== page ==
1 July 2008

Raksapol Thananuwong

Nationality: Thai

Raksapol Thananuwong

Raksapol is both reserved and very friendly – a common Thai characteristic. In September, it will be one year since he left his native Bangkok to join, as a research assistant, the Department of Physics at the University of Geneva. This is where he is doing performance studies of the electron triggers to optimize the physics discovery potential. With  his hard work, he is hoping to turn this research into a PhD project in September.

Raksapol did his masters in Physics at the University of Bangkok, after graduating from the University of Michigan in 2000. He started to feel interested in particle physics when he had the opportunity to study the decay of muons into neutrinos. He found it so intriguing that he got drawn into the field and, while still in college, started to get involved in several projects in particle physics. He felt attracted to the activities at CERN right away: “Walking along the corridor of the High Energy Physics building, I saw pictures of giant detectors and accelerators on the walls,” he says. “I started to feel curious and wanted to know what kind of work those large groups of people were doing."

For his research at CERN, he is funded by the Swiss Government through the Federal Commission for Scholarships for Foreign Students (FCS). The grant is offered to post graduates who want to further their education and undertake research in  a field in which Swiss universities are particularly active. The final goal is to give students from developing countries opportunities to be trained in a particular field of expertise so that they can go back to their home countries and play an important role in driving their countries forward. 

Despite all the differences between quiet Geneva and busy Bangkok, Raksapol feels very fortunate to be in the Swiss city: For someone coming from a country like Thailand, famous for his hospitable people, Raksapol appreaciates how open and nice to foreigners Geneva people are. “It is a whole new world, but I like it,” he says. He enjoys the food, the well-preserved nature of Switzerland, and he is particularly fascinated by the very-well organised Swiss society. “I find it intriguing how the society is organised using a trust system. For example, they only randomly ask for tickets on the bus or the train.”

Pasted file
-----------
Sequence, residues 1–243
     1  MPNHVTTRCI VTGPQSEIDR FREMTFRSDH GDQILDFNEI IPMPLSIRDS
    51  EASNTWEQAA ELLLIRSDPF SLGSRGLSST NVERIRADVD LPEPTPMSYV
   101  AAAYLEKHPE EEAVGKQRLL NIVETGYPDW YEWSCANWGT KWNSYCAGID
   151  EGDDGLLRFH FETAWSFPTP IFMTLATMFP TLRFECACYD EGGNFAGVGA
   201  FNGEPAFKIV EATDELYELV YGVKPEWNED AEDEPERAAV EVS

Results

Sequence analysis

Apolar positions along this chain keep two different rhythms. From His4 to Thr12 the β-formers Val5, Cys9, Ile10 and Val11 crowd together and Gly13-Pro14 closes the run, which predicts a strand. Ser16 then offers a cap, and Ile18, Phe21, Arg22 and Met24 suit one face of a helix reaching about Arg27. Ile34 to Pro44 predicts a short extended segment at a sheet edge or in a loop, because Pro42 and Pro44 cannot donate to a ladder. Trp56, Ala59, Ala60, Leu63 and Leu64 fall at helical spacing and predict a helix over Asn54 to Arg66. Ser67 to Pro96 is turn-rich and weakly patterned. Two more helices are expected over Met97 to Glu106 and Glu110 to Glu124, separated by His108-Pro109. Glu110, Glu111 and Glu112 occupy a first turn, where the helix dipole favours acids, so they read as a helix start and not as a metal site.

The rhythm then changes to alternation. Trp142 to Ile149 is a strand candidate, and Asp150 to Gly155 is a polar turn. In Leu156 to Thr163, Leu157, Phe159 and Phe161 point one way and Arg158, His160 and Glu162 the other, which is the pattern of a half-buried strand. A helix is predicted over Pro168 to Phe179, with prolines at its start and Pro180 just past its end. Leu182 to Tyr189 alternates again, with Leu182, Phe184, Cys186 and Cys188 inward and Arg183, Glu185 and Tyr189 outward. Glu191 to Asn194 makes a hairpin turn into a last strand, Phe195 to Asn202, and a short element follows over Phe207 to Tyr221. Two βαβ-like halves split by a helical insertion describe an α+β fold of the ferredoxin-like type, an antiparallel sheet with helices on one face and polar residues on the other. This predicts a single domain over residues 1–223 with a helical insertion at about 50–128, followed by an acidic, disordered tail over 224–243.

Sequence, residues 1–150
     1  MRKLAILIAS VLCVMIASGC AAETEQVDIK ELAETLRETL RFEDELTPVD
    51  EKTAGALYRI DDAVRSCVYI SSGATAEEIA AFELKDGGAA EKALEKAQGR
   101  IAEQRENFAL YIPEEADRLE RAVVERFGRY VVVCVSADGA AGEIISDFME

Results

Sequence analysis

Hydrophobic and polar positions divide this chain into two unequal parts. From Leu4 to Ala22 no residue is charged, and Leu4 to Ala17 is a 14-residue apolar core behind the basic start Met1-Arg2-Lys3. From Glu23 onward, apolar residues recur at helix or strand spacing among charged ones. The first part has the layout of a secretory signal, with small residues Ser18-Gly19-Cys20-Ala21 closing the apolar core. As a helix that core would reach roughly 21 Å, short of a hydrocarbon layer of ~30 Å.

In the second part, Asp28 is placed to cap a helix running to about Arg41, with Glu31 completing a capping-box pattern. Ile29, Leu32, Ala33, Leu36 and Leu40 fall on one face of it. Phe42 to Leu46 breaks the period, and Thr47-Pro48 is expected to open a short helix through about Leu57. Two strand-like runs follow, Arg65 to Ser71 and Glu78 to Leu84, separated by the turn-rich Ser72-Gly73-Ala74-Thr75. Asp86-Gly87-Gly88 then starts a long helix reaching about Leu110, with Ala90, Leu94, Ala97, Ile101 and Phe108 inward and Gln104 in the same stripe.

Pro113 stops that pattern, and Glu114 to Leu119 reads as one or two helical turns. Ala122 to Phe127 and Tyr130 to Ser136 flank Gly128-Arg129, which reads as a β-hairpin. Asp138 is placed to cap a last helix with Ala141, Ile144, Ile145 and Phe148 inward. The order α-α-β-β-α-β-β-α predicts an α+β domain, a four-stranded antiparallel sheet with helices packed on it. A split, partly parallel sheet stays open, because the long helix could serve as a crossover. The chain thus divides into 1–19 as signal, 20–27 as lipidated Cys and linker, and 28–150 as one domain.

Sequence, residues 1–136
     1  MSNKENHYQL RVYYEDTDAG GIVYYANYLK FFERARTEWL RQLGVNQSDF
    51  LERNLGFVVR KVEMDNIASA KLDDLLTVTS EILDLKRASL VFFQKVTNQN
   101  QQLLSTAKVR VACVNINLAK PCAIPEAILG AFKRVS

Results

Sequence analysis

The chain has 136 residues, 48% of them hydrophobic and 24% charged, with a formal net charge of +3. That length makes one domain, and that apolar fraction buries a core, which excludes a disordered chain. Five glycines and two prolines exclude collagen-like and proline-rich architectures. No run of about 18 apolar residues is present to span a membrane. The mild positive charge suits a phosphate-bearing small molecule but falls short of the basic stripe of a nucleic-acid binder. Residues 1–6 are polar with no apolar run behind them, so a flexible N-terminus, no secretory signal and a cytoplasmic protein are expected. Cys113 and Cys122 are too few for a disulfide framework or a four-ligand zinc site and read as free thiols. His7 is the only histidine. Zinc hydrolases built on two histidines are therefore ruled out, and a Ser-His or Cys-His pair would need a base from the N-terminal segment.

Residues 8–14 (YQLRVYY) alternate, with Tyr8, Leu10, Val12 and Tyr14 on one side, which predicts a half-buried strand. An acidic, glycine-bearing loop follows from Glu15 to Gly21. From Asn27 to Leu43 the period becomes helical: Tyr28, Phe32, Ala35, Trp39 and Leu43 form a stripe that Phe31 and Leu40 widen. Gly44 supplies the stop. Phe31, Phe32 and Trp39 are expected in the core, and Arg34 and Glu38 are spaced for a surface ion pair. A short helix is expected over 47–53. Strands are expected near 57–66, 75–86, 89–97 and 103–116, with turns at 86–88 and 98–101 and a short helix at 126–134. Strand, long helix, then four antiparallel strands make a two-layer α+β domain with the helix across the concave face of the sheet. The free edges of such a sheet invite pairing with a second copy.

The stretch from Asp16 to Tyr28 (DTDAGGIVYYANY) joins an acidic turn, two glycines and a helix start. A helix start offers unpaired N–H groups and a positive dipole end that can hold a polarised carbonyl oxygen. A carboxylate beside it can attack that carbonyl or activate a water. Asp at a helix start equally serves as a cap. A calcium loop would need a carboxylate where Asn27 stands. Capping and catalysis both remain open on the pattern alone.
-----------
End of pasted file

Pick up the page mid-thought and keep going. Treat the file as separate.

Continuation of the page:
After coming to CERN, an important support for Raksapol in his European physics adventure has been coming from his colleagues at the Department of Physics in Geneva: "Their knowledge and experience on the topics help me get right on track, instead of floundering around and getting overwhelmed by the complexities of such a large collaboration as ATLAS, “ he says.

When the LHC turns on and the experiments start on the discovery road into new physics, Raksapol, like most people, expects to find hints of the Higgs boson, extra dimensions and supersymmetry. As he explains: “I want to be around when CERN starts making discoveries. Everything before is just a theory, and I would like to see how those theories turn into reality. All the physicists around the world have their eyes on the LHC: “It is exciting to be working on frontier physics in the 21st century.”

Despite all the excitement about what is going to happen at CERN soon, he misses his family and his country. He’d like to get back to Thailand once he has accomplished his mission in the western world: start a good career in particle physics. First, getting his PhD and then if possible, spending some time as a postdoc. "My goal for the future would be to set up a research group with students and continue contributing and collaborating  with research groups at CERN. With these scientific activities, I hope to be able to maintain a healthy basic science program in my country,” he says. “But that will all depend on how things work out," he smiles hopefully.


    Cristina Jimenez